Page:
Rents are Rising in the Empire of Debt's Capital City
As The Daily Reckoning has anticipated for some time, a shift in power and money is taking place… office rents in Washington, DC are quickly becoming the highest in the nation, even more expensive than those in New York City. It’s yet another indication that the US capital, home to the political elite that controls the American purse strings, is becoming the new center of wealth generation for lobbyists, government contractors, law firms, and the like. Worse still, it’s a development that’s fundamentally taking place at the taxpayer’s expense.
Here are two recent examples from the New York Times:
“When law firm McGuireWoods LLP shopped for a new location this spring on K Street, the prime location for lobbying firms, it wasn’t expecting any bargains. ‘We were told that rents were not dropping dramatically so we weren’t expecting to save a lot of money on base rent,’ said Steven Kittrell, managing partner in the Washington office. The firm plans to increase its health-care and energy lobbying practice as well as its Securities and Exchange Commission enforcement and white-collar litigation practice.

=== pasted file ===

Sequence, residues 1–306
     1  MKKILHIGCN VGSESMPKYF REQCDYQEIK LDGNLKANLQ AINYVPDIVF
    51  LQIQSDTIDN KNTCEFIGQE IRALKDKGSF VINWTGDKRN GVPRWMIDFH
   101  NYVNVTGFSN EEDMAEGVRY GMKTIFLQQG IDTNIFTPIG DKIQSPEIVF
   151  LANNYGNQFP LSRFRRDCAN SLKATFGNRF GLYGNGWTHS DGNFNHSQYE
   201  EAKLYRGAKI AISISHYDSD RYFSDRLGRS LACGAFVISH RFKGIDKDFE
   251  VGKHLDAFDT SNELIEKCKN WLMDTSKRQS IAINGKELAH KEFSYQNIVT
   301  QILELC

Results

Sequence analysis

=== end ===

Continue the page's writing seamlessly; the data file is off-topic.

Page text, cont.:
“By contrast, it’s been a brutal year for New York landlords. ‘Rents have fallen faster and more furiously than in any other time in the last 30 years,’ said Mitchell Steir, chairman and chief executive of Studley, the tenant-brokerage firm.”
What was once a much larger gap in rents between the two cities has narrowed, and DC is expected to edge out NYC in 2010:
“… average rents in Washington were $41.77 per square foot, down 3% annually. Reis estimates that by the end of this year, rents in New York will come down to around $41.07, slightly below their estimates for Washington of $41.27.”
It’s a transformational time in the history of the nation. Washington, DC has made one more stride toward consolidating its role as both the political and economic center of the country… which is, of course, exactly the wrong way in which to reduce the frequency of shady dealings of money for political favor.
For more details see the New York Times coverage of how office rents are signaling the rise of DC and fall of NYC.